Philip S. Ulanowsky
"Susan" by Philip S. Ulanowsky
My professional life as a photojournalist, portraitist, and ballet and commercial photographer came to a close as the digital tidal wave swept in. After years away, I returned to my passion for black-and-white film photography, intent on focusing my more limited available time primarily on a specific portraiture challenge: using the 4x5 view camera (so designated for its 4”x5” sheet film negative) on location with only natural light to create a new series of portraits, images in which the setting in some way reflects the character of the subject.
After years of controlled lighting, this posed numerous challenges. I have slightly broadened my technical leeway since beginning, but the core remains.
"My Philosopher Friend" by Philip S. Ulanowsky
Classical art, as well traditional photography by artists that I admire, provides my conceptual and aesthetic mooring. My aim is not the merely pleasing portrait of which I have made so many in the past, much less the retouching facility that digital technology makes so seductive. I would rather attempt the uncertain currents navigated by nearly two centuries of photographic artists whose concerns have paralleled my own, who have found ways to illuminate and convey something of the inner person without resort to non-photographic means.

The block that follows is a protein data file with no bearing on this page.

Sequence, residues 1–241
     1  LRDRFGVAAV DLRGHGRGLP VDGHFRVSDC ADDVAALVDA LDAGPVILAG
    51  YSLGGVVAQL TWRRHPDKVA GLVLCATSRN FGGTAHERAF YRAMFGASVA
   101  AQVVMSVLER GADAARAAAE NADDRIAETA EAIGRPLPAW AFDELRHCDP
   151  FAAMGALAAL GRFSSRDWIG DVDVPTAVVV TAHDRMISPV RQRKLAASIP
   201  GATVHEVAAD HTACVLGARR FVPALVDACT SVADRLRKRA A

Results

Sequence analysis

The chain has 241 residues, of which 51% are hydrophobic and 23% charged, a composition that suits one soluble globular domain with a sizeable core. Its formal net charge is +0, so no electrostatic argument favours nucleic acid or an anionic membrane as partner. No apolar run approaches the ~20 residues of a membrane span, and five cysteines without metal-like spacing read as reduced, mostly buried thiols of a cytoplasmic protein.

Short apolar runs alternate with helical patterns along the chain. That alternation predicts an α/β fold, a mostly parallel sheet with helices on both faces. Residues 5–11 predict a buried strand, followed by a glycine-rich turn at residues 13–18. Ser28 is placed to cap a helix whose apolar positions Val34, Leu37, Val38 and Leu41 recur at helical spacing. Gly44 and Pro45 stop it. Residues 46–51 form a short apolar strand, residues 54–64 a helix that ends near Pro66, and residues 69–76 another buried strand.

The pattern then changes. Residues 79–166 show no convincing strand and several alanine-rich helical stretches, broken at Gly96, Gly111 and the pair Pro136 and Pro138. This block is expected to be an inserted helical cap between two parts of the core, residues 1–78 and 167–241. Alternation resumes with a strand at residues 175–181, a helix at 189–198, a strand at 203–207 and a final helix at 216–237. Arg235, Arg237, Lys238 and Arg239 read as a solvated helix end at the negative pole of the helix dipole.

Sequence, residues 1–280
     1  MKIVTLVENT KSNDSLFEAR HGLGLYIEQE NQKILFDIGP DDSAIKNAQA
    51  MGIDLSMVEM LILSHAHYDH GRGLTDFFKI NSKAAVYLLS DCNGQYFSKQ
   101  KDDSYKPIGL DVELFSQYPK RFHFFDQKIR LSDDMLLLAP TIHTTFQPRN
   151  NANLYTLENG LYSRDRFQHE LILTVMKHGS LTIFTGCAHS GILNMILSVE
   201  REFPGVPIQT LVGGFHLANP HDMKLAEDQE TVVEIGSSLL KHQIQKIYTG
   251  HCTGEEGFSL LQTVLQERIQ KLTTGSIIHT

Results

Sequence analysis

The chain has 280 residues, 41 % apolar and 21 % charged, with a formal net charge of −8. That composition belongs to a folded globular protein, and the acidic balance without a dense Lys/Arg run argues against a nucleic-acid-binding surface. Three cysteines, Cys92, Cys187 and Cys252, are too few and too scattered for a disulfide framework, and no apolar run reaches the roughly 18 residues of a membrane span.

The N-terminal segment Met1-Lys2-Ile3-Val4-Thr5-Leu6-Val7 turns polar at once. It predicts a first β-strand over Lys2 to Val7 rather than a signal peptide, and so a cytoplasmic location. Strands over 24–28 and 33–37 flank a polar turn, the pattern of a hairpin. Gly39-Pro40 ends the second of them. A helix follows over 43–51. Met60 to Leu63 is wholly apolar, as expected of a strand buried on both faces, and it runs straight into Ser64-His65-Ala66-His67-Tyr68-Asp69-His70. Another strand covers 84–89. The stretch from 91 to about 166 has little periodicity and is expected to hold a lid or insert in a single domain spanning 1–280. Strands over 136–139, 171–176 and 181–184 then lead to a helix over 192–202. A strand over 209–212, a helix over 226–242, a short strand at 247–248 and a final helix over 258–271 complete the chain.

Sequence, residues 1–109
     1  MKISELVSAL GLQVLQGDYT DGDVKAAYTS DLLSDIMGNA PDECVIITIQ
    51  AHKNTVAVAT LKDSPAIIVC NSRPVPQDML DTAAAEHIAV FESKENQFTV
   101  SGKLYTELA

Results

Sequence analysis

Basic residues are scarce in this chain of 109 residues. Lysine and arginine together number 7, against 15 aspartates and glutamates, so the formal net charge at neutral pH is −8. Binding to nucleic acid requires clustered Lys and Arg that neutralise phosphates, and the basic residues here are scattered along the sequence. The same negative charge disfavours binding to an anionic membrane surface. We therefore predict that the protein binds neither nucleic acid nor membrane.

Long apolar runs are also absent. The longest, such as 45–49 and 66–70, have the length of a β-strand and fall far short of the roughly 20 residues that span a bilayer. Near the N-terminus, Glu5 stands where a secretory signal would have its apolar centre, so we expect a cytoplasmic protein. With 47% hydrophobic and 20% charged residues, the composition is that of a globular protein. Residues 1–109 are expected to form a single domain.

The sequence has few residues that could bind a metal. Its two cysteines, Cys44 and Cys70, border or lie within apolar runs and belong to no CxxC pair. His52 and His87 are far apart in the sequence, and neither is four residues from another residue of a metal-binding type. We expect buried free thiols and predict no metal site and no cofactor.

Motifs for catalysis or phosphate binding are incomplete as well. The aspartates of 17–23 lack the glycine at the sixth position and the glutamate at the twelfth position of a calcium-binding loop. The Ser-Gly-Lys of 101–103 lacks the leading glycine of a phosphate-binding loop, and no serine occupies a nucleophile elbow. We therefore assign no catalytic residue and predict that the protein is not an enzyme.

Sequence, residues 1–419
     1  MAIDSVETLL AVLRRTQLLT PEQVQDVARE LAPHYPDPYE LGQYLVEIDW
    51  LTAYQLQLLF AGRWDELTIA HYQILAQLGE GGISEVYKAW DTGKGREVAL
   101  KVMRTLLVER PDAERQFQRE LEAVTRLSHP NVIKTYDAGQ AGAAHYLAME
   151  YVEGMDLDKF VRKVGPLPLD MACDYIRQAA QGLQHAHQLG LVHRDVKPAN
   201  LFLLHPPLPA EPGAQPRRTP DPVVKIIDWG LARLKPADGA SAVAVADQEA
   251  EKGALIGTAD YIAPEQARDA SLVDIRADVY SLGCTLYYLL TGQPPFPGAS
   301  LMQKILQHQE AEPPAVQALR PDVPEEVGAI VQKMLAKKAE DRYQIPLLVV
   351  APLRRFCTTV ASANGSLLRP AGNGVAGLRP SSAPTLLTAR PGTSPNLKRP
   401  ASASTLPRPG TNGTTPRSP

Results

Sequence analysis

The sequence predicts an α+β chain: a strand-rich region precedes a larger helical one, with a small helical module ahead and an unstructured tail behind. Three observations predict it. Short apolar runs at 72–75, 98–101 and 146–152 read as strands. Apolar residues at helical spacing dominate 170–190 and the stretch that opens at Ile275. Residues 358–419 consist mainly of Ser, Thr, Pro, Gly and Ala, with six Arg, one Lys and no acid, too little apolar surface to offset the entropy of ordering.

With all aspects of the medium, command of craft is prerequisite but no guarantee of artistic merit. Like a veteran, well-seasoned cast-iron frying pan, my limited selection of older tools is capable of producing beautiful results; the deciding factor is always my imagination and the craft to realize it. This is what I practice and what I teach.
"Repairing a Veteran" by Philip S. Ulanowsky
I believe in the enduring power of the single image and the universality of Classical beauty, a beauty illuminating something common to that which is essential in the human experience in this wonderful, living universe, irrespective of particulars of culture.
The traditional silver-gelatin monochromatic photographic print is capable of an aesthetic appeal all its own. I hope that more people will have the opportunity to view examples of master prints close-up; the web cannot substitute, and even today’s finest mechanical printing improvements, welcome as they are, make their imprint in ink or pigment, not silver.
My work today continues as an ongoing process of exploration and discovery, and the conceptual and technical wrestling to bring ideas to realization.